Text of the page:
The Rockville LP, by Maryland rock band OAR (Of A Revolution) feels like home when you listen to it. The album, named after their hometown of Rockville, is a tribute to their hometown and the memories and people that they have left behind over the past seventeen years of being in a band. To celebrate the album’s release, the band has released a five part series documenting the entire group going back to Rockville and rediscovering their roots. In each video, we see the band going back to their high school, visiting their childhood homes (which includes an interview with front man Mark Roberge’s mother), and visiting Black Hill State Park where the band would hang out in their early days. When watching the mini documentary, fans will revel in the places that they knew the names of, but never knew exactly what they were, and anyone just discovering the band will be surprised by the down to earth feeling of the movie as the band succeeds at making themselves look normal, even though their career is not. As the band continues to travel the world, Rockville will always be the place the band calls home, and after listening to The Rockville LP, fans will be reminded of where their home is as well.
Over the bands nearly twenty year history, the band has released seven studio albums, five live albums, and one EP. While many bands coming up in the late 90’s normally gained recognition by signing to a major label, OAR decided to do things a little differently. Relying completely on word of mouth, the band would play wherever they were allowed to and gained a massive following among the college crowd. Eventually the hard work and persistence would pay off as their third album Risen (2001), debuted at eleven on the Billboard Charts.
“Two Hands Up” Rockville’s opening track, has a reggae feeling to it, along with the bands typical pop stylings. While the song is a catchy one, it really isn’t single material and doesn’t have the sentimental feel that other songs on the album do. While everyone in the group has been playing music for a long time, it’s good to hear that everyone is still feeling the music that they perform and that everyone is still enjoying the songs and each other. “We’ll Pick Up Where We Left Off” gets to the heart of the record and the bands mini-series. Front man Marc Roeberge said about the song and several others in the mini-series, “they were written in a basement, just like we wrote our first songs, and they were written in a basement in a scene of that Thanksgiving weekend when everybody comes home, and you haven’t seen anyone in a year or two, or five, maybe more, but you pick up right away. I think we all relate to that and love that. There’s nothing better than that one friend who didn’t ask why you didn’t call.” It’s obvious that the band wants their fans to enjoy the experience of “going home” as much as they do, and that’s what “We’ll Pick Up…” does, as it serves as a soundtrack for nostalgic memories.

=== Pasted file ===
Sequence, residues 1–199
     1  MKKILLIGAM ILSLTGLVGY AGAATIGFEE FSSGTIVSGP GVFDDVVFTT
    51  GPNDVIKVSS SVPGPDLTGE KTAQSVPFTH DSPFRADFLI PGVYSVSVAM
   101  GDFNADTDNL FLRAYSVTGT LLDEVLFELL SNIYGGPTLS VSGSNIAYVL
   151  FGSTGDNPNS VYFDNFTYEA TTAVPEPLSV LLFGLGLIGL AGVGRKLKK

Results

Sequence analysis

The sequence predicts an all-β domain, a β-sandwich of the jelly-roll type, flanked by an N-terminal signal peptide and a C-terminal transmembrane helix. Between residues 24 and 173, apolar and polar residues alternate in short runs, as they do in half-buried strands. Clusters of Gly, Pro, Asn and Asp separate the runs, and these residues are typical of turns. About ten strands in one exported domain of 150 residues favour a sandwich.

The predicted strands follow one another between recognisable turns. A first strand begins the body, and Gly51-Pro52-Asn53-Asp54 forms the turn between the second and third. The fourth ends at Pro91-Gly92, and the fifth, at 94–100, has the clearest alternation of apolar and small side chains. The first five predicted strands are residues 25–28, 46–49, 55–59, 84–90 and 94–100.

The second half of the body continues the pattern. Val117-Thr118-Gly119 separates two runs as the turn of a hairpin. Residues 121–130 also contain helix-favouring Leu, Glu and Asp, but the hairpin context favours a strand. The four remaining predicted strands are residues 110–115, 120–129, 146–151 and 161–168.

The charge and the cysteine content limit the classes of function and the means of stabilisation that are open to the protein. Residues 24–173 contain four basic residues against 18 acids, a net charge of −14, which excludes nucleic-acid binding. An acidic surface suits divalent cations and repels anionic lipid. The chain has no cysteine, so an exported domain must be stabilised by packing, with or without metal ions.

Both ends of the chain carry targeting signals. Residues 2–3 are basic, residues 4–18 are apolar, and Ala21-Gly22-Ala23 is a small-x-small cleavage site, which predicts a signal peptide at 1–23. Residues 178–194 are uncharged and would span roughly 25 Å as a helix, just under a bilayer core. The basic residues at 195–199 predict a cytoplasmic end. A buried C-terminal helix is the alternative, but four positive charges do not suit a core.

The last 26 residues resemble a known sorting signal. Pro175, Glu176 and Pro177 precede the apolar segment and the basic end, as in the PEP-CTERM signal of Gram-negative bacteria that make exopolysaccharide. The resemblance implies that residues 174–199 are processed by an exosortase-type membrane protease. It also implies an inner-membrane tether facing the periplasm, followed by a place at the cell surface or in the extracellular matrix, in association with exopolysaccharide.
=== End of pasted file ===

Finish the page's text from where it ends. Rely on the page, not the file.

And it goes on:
“Peace” is one of the albums stand out tracks, and it is the kind of tune where if you don’t like an album as a whole, songs like “Peace” can make up for the rest of the album. Opening with a gorgeous acoustic riff and Mark’s peaceful voice, “Peace” talks about fighting between your significant other, and when Mark sings “I want love, I want us, I want you, I want peace”, you can’t help but sing along to the song’s lyrics, and it will no doubt be popular among the bands fans as the token “hold up the lighter” tune. “The Architect” stays true to its name by building up each part of the song starting with drummer Chris Culos who starts the song by playing a Latin style beat, followed by Jerry DePizzo, the bands saxophone player, who plays short bursts of notes on the saxophone, making the song sound incredibly colorful. The song is the funkiest track on the record, and it is easy to see why the band has become so popular. The band plays incredibly well, and the horn section adds a very spicy addition to the music, which you don’t hear in a lot of rock bands today.
“I Will Find You” the albums closing track, is by the far the longest tune on the album, ending at nine minutes. The song begins with a slower and more drawn out sound, though it picks up about half way through. While it is not something that ultimately stands out when compared to the rest of the record, long time fans of the band will still appreciate it, since the group still sticks to the familiar pop sound that made OAR so popular. OAR’s The Rockville LP is the best album the band has released yet. Old fans will be happy that OAR is back, while new fans will love the nostalgic feel of being home, and now they will have a soundtrack to listen to when they make the trip.